Date of Award

2010

Degree Type

Dissertation

Degree Name

Doctor of Philosophy (PhD)

Department

Philosophy

Abstract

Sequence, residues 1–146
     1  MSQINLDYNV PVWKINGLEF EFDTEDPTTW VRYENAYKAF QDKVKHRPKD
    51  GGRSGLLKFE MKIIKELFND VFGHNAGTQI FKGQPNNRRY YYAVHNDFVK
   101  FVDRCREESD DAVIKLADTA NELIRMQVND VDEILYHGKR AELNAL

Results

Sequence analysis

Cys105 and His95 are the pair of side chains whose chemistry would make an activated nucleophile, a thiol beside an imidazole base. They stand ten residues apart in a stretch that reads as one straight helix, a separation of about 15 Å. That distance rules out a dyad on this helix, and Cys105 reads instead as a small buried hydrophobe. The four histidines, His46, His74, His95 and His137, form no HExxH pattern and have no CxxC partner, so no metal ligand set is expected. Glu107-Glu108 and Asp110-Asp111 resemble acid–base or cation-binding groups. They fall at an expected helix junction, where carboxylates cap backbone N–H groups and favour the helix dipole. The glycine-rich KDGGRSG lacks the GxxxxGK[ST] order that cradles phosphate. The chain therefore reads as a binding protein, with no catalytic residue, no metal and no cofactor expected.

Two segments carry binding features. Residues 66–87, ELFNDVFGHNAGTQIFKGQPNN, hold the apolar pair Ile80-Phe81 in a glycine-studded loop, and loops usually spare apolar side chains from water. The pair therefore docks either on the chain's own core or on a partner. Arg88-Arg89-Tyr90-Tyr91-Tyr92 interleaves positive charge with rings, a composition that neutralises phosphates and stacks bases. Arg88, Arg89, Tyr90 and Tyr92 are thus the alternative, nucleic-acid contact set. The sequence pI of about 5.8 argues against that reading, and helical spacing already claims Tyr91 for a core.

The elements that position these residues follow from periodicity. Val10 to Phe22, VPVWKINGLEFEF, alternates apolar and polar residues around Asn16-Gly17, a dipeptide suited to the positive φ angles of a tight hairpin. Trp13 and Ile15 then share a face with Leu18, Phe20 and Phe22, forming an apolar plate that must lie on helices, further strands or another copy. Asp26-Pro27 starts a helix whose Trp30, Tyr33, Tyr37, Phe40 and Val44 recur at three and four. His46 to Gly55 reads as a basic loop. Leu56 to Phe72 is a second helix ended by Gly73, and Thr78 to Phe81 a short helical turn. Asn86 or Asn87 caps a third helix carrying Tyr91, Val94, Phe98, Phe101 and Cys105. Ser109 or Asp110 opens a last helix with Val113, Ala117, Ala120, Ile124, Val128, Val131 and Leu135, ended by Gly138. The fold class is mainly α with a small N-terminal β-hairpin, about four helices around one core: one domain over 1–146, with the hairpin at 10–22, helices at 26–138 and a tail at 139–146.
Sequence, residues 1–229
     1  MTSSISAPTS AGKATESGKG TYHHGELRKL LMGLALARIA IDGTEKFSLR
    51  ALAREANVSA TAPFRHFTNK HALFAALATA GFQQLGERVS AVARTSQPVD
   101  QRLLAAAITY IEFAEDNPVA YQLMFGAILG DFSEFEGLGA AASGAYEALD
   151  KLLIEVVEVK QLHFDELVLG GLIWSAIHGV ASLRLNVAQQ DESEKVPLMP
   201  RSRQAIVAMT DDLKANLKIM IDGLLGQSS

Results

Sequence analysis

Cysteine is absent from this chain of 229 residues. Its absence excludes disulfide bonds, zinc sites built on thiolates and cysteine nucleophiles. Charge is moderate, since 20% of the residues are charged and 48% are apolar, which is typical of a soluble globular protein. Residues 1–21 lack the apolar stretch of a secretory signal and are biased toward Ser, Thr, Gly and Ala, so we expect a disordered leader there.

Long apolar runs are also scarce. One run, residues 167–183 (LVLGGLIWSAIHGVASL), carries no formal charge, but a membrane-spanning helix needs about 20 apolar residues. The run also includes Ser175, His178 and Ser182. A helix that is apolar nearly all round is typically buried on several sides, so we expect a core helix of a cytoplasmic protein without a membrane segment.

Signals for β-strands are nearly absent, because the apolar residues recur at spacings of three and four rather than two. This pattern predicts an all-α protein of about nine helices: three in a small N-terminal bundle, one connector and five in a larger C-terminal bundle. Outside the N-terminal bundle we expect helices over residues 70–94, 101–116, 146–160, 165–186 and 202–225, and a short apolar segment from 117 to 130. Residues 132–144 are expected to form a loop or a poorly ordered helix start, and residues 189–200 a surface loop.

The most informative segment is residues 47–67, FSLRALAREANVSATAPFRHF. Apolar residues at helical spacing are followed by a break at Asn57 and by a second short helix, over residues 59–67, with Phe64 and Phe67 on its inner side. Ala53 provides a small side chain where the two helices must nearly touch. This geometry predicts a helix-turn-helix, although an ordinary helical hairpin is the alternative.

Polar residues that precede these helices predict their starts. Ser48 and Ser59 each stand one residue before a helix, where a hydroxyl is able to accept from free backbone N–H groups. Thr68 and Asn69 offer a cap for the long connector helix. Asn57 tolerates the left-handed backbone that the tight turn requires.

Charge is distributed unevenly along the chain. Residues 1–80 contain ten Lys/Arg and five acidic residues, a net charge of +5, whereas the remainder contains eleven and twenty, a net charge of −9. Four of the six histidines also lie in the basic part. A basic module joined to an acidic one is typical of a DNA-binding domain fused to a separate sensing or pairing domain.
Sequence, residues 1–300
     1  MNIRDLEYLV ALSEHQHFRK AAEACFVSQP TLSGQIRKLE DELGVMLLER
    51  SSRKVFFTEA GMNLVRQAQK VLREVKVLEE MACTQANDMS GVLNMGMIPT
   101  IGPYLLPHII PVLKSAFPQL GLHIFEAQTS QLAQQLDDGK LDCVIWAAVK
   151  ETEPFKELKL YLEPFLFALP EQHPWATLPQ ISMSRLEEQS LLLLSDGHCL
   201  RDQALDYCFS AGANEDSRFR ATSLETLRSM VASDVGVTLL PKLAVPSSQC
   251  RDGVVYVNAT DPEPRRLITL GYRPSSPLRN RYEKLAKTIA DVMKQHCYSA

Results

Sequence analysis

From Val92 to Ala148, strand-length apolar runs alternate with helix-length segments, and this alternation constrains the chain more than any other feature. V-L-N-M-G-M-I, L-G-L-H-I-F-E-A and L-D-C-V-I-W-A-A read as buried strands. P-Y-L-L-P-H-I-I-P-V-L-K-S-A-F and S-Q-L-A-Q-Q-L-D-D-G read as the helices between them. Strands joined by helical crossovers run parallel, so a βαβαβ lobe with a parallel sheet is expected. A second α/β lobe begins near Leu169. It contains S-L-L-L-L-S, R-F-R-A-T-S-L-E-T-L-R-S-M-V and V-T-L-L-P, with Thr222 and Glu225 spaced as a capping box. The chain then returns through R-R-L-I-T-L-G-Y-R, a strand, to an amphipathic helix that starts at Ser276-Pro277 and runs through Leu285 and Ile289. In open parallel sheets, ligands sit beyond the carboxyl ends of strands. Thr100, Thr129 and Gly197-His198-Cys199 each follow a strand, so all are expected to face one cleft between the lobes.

Martin Heidegger claims that attunement is one of the primordial ways in which Dasein understands its world. He focuses on anxiety as the fundamental attunement in which Dasein can more authentically uncover its Being. However, it is necessary to ask if anxiety is the only attunement out of which one can most authentically appropriate Being. Heidegger seems to have an unexamined bias in favor of "negative" attunements (anxiety, boredom) and never undertakes an extended analysis of "positive" moods such as joy or happiness. This dissertation is an examination of joy as a fundamental attunement through the works of Henri Bergson and Martin Heidegger. We will focus attention on the common theme of "the nothing" and its place in the ontologies of both philosophers. We will argue that Heidegger's use of anxiety is the result of the place of the nothing in his ontology. In contrast, we will see that Bergson's rejection of the nothing leads to his focus on what he calls the Life of the real. This focus leads to his constant return to joy and its relationship to philosophy and harmony with the real. Heidegger claims that authentic attunement in anxiety is the space in which Dasein can come into nearness with Being. Dasein is able to more authentically experience Being in two modes: meditative thinking and waiting. In order to attain joy, Dasein must first traverse through anxiety and the horror of confronting the abyss of Being. In contrast, Bergson's account of joy does not make joy a derivative experience of humanity, but the grounding attunement out of which humans act creatively and find themselves at home in the world. For Bergson, creation is the mode of being that allows humanity to coincide with that which pushes life forward against the natural forces of degradation and death on earth. Using Nietzsche's ideas about joy, return, and creativity, we link Bergson's ideas about creation and Heidegger's ideas about waiting to the emergence of joy. We show that it is not necessary that one await the emergence of joy after traversing through anxiety. Instead, we ultimately argue that in authentic, creative activity, humans experience a joy that is the foundation from which they have the desire for happiness and the ability to experience happiness.

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